Western political culture concentrates on the issue of poverty, misery, economic distress, social despair and lack of education that lead to homicide bombings in particular and terrorism in general. This political-cultural perception finds out a direct link between oppression, poverty and humiliation to terrorism and homicide bombings.
This follows by the assumption that remedy is addressed from its root cause: removing poverty and hunger, and providing the population with high education will lead to economic prosperity, that in turn leads to political moderation, to a democracy and open society, and that will put an end to terrorism.
Fawaz Gerges, an Arab Christian from Lebanon residing in the US, is an example of Western apologists and appeasing approach: for him,
Muslims are politically oppressed and socially repressed in their countries of birth in the West. They face racial profiling, perceived as a plague of nihilism that must be kept in isolation. Welcome nowhere, they have become the pariahs of the twenty-first century. They do not understand why they are being punished for the crimes they have not committed.
And the utmost peak of his words
Muslims under the age of thirty make up about 60 percent of the world’s Islamic population, yet only a tiny fraction turns to violence and terrorism.
This is also the case with the prominent Norwegian journalist Sven Egil Omdal, who believes that economic factors and social exclusion of Muslim immigrants explain the radicalization of the Muslims. He condemns those “who focus on Islamic ideas or religion or culture.” Moreover, for him “Jihad is caused by European and Western xenophobia, oppression and racism, rather than the Islamic religion and culture xenophobia. Omdal compares Israel to Nazi Germany. Israel’s jihadist Muslim enemies, openly advocate its genocide, are not to be blamed.
State Department Spokesperson, Marie Harf, told MSNBC in February 2015 that the U.S. needs to focus on the root causes that leads people to join terrorist groups, such as “lack of opportunity for jobs: “We cannot win the War on Terror, nor can we win the war on ISIS by killing them. We need to find them jobs. We need to get to the root cause of terrorism and that is poverty and lack of opportunity in the terrorist community.”
There is so much delusion in Harf’s statement and in many other claims in Western governments that one could fill volumes analyzing this profound ignorance. The same misunderstanding that Harf espouses was held by Presidents Clinton and Bush and is still maintained President Obama, who said that Boko Haram terrorist group is a “byproduct of poverty and inadequate social services.”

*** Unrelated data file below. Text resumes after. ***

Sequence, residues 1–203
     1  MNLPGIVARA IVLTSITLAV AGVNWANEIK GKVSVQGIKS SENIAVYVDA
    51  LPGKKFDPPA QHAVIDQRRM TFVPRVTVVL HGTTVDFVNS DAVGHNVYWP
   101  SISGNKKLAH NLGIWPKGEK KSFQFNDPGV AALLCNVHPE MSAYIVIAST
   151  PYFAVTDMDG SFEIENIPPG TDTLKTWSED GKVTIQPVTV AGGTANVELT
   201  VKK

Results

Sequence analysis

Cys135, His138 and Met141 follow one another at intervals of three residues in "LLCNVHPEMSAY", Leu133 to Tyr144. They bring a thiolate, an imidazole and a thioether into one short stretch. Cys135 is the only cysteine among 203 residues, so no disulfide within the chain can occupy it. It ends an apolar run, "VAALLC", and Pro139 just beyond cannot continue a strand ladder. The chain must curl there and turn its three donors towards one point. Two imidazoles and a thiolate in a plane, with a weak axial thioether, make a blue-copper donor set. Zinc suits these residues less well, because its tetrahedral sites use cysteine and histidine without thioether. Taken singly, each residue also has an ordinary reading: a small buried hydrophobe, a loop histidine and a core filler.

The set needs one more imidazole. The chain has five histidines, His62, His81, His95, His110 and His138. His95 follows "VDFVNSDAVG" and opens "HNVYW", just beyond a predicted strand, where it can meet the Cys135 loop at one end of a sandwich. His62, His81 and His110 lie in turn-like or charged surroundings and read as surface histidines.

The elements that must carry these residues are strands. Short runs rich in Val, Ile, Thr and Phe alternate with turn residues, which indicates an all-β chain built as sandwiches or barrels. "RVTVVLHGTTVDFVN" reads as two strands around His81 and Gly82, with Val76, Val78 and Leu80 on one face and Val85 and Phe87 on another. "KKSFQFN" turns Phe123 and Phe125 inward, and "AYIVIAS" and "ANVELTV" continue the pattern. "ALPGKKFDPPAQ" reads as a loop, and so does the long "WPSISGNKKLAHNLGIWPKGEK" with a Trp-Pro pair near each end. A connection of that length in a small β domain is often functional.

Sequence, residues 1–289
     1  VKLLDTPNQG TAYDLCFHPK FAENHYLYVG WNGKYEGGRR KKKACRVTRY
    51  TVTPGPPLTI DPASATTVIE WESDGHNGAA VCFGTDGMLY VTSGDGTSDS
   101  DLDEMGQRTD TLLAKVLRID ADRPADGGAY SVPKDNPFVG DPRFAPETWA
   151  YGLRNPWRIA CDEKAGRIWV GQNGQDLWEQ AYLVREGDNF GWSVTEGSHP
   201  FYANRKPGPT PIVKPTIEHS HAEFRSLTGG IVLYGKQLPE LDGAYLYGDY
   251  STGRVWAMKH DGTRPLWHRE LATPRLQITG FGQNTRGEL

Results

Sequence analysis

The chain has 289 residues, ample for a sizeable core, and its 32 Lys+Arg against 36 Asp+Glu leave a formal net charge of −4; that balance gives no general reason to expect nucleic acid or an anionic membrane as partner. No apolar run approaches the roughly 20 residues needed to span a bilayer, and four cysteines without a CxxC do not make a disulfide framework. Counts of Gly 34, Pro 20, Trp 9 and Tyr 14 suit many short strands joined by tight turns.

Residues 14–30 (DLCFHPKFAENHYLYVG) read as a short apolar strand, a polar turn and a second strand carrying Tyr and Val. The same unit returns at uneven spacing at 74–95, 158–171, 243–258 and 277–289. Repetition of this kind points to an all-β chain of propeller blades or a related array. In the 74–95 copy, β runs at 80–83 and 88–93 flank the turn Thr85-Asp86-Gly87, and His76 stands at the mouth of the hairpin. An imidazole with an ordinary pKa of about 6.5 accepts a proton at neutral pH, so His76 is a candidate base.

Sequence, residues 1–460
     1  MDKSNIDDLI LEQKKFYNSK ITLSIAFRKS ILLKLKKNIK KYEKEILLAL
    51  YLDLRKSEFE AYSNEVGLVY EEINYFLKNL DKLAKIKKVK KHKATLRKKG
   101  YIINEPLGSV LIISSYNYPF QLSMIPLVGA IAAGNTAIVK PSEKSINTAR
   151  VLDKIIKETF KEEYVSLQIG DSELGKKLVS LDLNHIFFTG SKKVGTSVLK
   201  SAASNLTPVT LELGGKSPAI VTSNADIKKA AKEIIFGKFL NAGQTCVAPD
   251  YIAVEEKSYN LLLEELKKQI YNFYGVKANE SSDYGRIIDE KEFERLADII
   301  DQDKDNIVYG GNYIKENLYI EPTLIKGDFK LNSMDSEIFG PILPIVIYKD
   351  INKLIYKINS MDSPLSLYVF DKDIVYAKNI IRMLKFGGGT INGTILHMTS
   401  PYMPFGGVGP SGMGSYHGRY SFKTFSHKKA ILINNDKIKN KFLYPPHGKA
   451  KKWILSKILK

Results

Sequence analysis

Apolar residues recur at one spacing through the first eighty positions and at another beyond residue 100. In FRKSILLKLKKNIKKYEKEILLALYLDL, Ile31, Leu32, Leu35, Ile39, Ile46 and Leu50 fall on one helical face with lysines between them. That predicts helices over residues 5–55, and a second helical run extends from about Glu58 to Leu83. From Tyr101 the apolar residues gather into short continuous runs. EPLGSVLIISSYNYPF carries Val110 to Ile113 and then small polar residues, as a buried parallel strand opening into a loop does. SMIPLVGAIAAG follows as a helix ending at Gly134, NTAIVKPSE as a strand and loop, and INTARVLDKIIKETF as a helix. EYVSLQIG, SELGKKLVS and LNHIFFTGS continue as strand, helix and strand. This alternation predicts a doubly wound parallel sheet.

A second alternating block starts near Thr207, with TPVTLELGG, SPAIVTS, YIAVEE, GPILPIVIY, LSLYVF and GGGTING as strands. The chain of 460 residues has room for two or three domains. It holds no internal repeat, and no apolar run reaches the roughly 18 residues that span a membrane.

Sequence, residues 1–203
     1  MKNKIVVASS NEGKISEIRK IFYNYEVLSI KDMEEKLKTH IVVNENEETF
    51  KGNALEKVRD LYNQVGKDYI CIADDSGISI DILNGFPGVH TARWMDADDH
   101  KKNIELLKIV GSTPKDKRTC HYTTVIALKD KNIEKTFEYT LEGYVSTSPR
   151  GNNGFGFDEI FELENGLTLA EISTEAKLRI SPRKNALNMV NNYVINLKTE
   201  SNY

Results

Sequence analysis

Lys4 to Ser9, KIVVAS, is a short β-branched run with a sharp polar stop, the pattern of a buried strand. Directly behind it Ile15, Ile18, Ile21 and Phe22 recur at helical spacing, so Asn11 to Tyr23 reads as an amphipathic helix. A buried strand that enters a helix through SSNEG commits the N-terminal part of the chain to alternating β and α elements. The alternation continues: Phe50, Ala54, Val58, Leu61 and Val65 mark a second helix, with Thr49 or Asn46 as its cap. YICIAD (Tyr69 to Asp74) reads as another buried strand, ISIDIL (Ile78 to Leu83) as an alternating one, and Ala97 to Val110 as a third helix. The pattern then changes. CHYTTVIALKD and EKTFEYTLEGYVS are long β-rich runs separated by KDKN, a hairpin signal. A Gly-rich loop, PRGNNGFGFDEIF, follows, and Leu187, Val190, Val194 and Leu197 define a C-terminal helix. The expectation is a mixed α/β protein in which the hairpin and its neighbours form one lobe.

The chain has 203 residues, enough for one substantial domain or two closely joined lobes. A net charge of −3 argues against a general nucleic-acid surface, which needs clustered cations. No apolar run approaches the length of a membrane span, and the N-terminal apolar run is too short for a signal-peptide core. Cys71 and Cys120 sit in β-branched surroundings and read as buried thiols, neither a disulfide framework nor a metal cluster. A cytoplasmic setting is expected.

For Secretary of State, John Kerry, Jihadists are poor and miserable. However, if Kerry were correct in his ‘poor Jihadist’ myth, and terrorism is simply a byproduct of poverty, why isn’t Haiti and Bolivia terrorist states? Why isn’t the world plagued with African suicide bombers? This gives us a look into the federal government’s inability or unwillingness to change conventional wisdom, even when confronted with facts and credible academic studies. CIA Director John Brennan said that the recruits to the Islamic State, at least 20,000 fighters from more than 90 countries join the organization because of economic reasons. That is why the U.S. has spent and will continue to spend billions of Dollars on the assumption that poverty causes Jihad terrorism, but again and again it is proven that Jihad followers are better educated and wealthier.
Unfortunately, this so nice formula, seems so simple and logical solution, so pervasively accepted in the West, is exactly the mirror image which reflects Western fallacies and misconceptions. This is totally mistaken and is perhaps the main cause why Western civilization stumbles and fail, and why Islam will occupy the world. The chronic cluelessness of the root-cause apologists of Jihad never ceases to amaze and to embarrass. Obviously, the purpose of having a job is to improve one’s family’s life, and joining a terrorist group is not exactly a promising career choice, but more death wish. However, this so deeply rooted approach must be clearly understood and totally eliminated, as it has become the highest barrier to overcome Islamic terrorism.
It is outrageous, but not surprising if one looks at the political pattern that even 9/11 and especially since the Islamic Caliphate State (ICS) burst onto the scene have not changed the conceptions. President Obama even went so far as to deny that the Islamic State is neither Islamic nor a state; both of which it clearly is. This is what happens when you deny the existence of an ideology that people clearly see in front of their eyes.
The poverty lack of education syndrome stems mainly from the following sources: